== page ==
I am on a professional list that recently had a discussion on the use of the word "no". One person had posted about playing a trick on a group of people she was giving a presentation to. I so love this, that I am going to share this with you, and while I don't know her, I am going to give Kathi O'Malley credit for this. "The first thing I asked the group was "how many of you would like to teach you dog what "no" means?" Every hand in a fairly large group went straight up! I said firmly "Don't put your hands up". They all took their hands down and one Gil put her pen up, I said "Don't put that pen up". They then put their hands on their chairs or laps and I said "Don't put your hands on your chairs or your laps". Well, they didn't know me and I could see some would like to walk out on me at that point, so I put my hands fanned out from my forehead and said "How many of you knew I would not answer any question unless you gave me this signal?" Well, they got that, how can anyone who hasn't learned what to do know what not to do!!! All "no" or "don't" are are interrupters. All my "Don't do that's" simply left my audience frustrated and ready to quit on me! You can interrupt, or give a "no reward marker" as mentioned, but teach the pupil what you do want!
I think this is so well said and presented! No is NOT really information about what you want at all! Almost all of the problems I see with dogs and humans is a lack of communication in a language that they can both understand. THAT is a topic for another blog, but communication is really important in the human-animal bond.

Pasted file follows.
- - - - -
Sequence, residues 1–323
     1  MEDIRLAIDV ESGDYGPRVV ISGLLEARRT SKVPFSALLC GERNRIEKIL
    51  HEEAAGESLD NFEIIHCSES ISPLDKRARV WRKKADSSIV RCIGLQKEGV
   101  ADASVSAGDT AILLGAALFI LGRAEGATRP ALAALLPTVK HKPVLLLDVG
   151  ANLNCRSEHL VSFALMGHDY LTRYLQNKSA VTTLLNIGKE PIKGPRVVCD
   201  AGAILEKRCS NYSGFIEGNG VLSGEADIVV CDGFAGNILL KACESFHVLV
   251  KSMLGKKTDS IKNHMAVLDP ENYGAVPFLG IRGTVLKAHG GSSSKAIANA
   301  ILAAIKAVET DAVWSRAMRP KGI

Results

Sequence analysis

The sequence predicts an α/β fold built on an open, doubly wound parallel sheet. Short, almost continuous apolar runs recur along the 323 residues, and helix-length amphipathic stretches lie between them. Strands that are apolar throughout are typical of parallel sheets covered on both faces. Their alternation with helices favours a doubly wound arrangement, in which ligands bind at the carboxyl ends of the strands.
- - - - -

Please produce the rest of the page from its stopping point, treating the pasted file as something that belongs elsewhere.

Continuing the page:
If you are constantly told NO! and that is never followed up with what is truly wanted of you, learned helplessness can occur. My challenge to all of my students is always if the word you have for "NO" comes out of your mouth you are to always follow it up with what exactly you do want! Give them the entire bit of information!
This is my friend Linda and her dog Pip. Pip has an interesting story, but in his previous life he had been told NO a lot, sometimes using shock collars. Linda has worked VERY hard with him to keep him on the positive and to communicate in a proactive way. I give her credit! She stuck with it when so many others wouldn't have. And Pip is thriving because of her.
I have been very lucky to have known and studied many different animals doing many different types of behavior. No matter what the species is...no is still not information beyond don't do that...it doesn't tell them what you do want!
I think the important thing is to catch you dog doing what is right. And tell them! In their language. Show them that you are happy. Dogs want to please us, and they will start offering what you like more and more if you are clear to them. And while you are at it....tell you co-worker or you boss, or your employee what you like as well.....IMAGINE what a wonderful world it would be!